Saturday, July 29, 2017

Graphic Novels into Film

(from V for Vendetta, Moore & Lloyd, 1988)

Course Description:
This course examines cinematic adaptations of literary texts alongside the literature itself. Class discussions will emphasize the formal characteristics of the works, their aesthetic and thematic importance, and the interpretive questions raised by the act of adaptation. This semester we will take five graphic novels as our focus.

(from Uzumaki, Higunchinsky, 2000)

Contact Info:
Prof. Jay McRoy
CART 228
Office Hours: W 2:00 pm - 5:00 pm (or by appointment)

Required Texts:

(from Blue is the Warmest Color, Maroh, 2010)

Course Guidelines and Expectations:
1) Come to class
2) Come to class on time
3) Turn your work in on time
4) Respect your fellow students


Class Attendance & Participation
3 Critical Microthemes/Brief Essays (600 words - 30% each for a total of 90%. A successful microtheme presents an argument about a topic or question as clearly, precisely, and concisely as possible. Do not worry about elaborate introductions or conclusions. Successful microthemes resemble detailed abstracts or, perhaps even more accurately, outlines created in sentence and paragraph form, with transition statements linking the main and supporting points of your argument. A successful microtheme does the following:

1. Includes a very brief 1-2 sentence introduction that includes a thesis statement an sets up an organizational plan;   
2. Includes clear supporting paragraphs that provide specific textural evidence to support your claims;
3. Is comprised of thoughtful, clear, and direct prose;
4. Is double-spaced;
5. Is free of grammar and other surface mistakes (i.e. spelling and syntax errors).

Given the rigid word limit, narrowing your micro theme to 600 words may prove challenging. If you are new to writing critically about film or simply wish to refine your skills, I can think of few better texts than Timothy Corrigan's A Short Guide to Writing about Film; this book is a terrific resource and is readily available online in both new and used editions.

Microtheme Prompt #1: Select one page from Alan Moore and David Lloyd's V for Vendetta (1988) and analyze it using the critical concepts that Scott McCloud discusses in Understanding Comics (1993). When discussing your selected page, explain how its form works in relation to its content. As you explore this page, you will want to pay close attention to elements such as: page layout; frame design and its implications; panel-to-panel transitions, word and picture combinations; and color. Remember, it is not enough to explain HOW the page layout works; you must also explain WHY it functions as it does. 

Microtheme Prompt #2: Select one of the graphic novels we have read so far this semester (i.e. V for Vendetta [Moore & Lloyd, 1998], Ghost World [Clowes, 1997], or Persepolis [Satrapi, 2000]), and discuss a particularly noteworthy transformation, elision, or addition that transpires during the adaptation process. As you write, note how the particular adaptive strategy you select either results in a compelling revisitation of the source text’s specific style and themes, or contributes to the creation of a cinematic work that has its very own specific aesthetic and thematic agenda. 

Microtheme Prompt #3: What makes for a successful film adaptation? Select the film adaptation you found most successful and explain why (and how) it succeeds. In the process, analyze a particularly illustrative scene or sequence, explaining how it constitutes an example of a successful adaptation.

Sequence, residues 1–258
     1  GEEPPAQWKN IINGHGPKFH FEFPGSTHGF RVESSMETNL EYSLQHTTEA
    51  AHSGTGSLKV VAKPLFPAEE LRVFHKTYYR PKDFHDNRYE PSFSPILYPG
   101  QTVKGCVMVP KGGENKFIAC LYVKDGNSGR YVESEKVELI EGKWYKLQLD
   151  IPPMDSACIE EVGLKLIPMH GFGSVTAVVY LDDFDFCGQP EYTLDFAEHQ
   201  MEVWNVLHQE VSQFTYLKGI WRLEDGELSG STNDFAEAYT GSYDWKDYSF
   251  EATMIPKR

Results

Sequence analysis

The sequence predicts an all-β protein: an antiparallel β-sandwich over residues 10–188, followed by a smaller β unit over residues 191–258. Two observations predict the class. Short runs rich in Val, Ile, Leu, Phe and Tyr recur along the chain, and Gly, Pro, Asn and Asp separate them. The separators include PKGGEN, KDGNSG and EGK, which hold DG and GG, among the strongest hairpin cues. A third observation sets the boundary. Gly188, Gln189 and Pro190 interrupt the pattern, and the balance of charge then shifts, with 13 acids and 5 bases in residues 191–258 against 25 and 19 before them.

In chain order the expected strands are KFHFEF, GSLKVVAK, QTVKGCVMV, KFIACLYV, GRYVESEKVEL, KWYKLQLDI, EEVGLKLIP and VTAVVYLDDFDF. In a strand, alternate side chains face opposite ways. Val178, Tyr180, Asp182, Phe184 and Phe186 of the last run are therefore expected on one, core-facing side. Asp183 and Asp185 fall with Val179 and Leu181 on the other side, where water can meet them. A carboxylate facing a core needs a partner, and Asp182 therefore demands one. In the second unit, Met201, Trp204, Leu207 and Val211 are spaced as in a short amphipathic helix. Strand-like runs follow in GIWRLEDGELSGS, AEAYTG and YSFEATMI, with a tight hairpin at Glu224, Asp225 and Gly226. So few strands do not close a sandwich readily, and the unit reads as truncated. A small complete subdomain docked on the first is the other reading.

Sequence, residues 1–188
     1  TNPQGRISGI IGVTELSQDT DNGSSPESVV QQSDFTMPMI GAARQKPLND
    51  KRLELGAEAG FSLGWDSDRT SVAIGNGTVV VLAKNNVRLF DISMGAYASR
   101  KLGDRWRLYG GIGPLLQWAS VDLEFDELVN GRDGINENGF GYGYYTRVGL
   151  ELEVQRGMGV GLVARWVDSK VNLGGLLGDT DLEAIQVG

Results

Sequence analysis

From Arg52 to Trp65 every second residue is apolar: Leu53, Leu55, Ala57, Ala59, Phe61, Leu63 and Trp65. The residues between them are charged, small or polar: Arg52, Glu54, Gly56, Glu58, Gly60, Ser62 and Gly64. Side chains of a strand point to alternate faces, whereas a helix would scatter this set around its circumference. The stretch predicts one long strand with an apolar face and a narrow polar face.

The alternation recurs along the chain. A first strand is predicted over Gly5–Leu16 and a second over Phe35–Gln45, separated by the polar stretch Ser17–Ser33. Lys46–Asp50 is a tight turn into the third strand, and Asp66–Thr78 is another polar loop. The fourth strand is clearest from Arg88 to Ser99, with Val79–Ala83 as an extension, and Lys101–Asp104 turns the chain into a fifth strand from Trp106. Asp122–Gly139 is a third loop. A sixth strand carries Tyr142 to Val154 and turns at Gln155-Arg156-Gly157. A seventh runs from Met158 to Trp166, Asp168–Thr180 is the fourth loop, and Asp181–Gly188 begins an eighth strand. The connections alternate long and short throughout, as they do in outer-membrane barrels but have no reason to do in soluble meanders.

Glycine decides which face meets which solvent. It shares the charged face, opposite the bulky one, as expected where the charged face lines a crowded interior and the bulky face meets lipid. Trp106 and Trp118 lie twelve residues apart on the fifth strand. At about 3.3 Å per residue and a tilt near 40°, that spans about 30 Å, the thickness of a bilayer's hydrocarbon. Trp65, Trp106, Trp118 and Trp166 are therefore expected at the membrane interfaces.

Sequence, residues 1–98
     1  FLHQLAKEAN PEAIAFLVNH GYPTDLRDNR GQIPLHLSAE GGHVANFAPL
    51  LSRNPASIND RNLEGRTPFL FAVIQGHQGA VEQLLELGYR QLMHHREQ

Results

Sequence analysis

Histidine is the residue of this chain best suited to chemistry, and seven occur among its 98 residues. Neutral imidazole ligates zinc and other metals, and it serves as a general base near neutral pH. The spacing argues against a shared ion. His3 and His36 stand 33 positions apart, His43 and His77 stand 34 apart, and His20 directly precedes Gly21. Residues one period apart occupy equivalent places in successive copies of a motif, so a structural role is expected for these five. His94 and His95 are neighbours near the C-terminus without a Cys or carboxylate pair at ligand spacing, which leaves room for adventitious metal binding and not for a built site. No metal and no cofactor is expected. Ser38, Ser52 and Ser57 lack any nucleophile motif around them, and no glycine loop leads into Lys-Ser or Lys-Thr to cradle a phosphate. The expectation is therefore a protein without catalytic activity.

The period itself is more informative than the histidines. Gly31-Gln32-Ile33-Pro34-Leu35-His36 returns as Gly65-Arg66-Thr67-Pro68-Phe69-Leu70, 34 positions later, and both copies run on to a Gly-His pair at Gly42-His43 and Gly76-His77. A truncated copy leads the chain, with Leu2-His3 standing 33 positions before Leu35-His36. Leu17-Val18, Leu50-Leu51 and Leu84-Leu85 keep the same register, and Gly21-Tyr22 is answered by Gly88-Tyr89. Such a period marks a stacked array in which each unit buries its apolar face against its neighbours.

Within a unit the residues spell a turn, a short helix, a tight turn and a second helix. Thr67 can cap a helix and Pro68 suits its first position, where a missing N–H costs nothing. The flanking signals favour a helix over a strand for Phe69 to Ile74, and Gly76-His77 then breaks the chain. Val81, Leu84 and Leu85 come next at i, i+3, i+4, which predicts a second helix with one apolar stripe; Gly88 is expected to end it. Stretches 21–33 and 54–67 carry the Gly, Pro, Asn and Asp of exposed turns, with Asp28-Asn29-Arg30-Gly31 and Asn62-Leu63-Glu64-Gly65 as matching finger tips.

Statement on Plagiarism:
The English Department at the University of Wisconsin - Parkside has a very explicit Plagiarism Policy. This policy can be found HERE. It is every student's responsibility to become familiar with this policy. Of course, if you are unsure whether something you wrote constitutes plagiarism, please speak with me BEFORE (or even AS) you hand in your work.

(from Ghost World, Clowes, 1997)

Semester Breakdown:

Week One (9/11): Introduction

(Scott McCloud, Understanding Comics)

("Hellboy 2004 & Scott McCloud's Guide to Understanding Comics")

Week Two (9/18): Understanding Comics I
          Read through Chapter 5

(Nerdwriter, "The Treachery of Images")

(An AP Student's Video Analysis of Spiegelman's Maus, 1991)

Week Three (9/25): Understanding Comics II
          Finish book

(Alan Moore on Hard Talk, 2012)

(Alan Moore on V for Vendetta)

("Anarchism: A History")

Week Four (10/2): V for Vendetta (Moore & Lloyd, 1988)
Week Five (10/9): V for Vendetta (McTeigue, 2005)
          Microtheme 1 Due
Week Six (10/16): Ghost World (Clowes, 1997)

(David Foster Wallace on Irony)

Week Seven (10/23): Ghost World (Zwigoff, 2001)
Week Eight (10/30): Persepolis (Satrapi, 2003)

(Marjane Satrapi)

Week Nine (11/6):  Persepolis (Paronnaud & Satrapi, 2007)

(Marjane Satrapi on Persepolis)

(Persepolis: The Making Of)

Week Ten (11/13):  Blue is the Warmest Color (Maroh, 2010)
          Microtheme 2 Due
Week Eleven (11/20): Blue is the Warmest Color (Abdellatif Kechiche, 2013; NB - Because Blue is the Warmest Color is three hours long, class will run late.)

(Critical Analysis: Blue is the Warmest Color)

(Lesbians React to Sex Scenes in Blue is the Warmest Color)

(Film Analysis: Blue is the Warmest Color)

(Commentary: Blue is the Warmest Color)

NB: On this day, our class will meet in CART/RITA 130.
Week Twelve (11/27): Uzumaki (Ito, 1998-1999)

(Jump Ito: Spiral into Horror)

Week Thirteen (12/4):  Uzumaki (Higunchinsky, 2000)

(On Fibonacci)

(Places you will find "The Golden Ratio" & "The Golden Rectangle")

("Funky Monkey Ladies" - Piggy Banks)

("Smokin' Billy" - Thee Michelle Elephant Gun)

("Get Up Lucy" - Thee Michelle Elephant Gun)

("Clever Sleazed" - Dir En Gray)

("Listen to Me" - Kyo)

("Go All the Way" - Valentine D.C.)

(LeChat Wake Up Soon! Teaser)

***Final Microtheme due in my office (CART 228) by 5:00 pm on Friday 12/8.***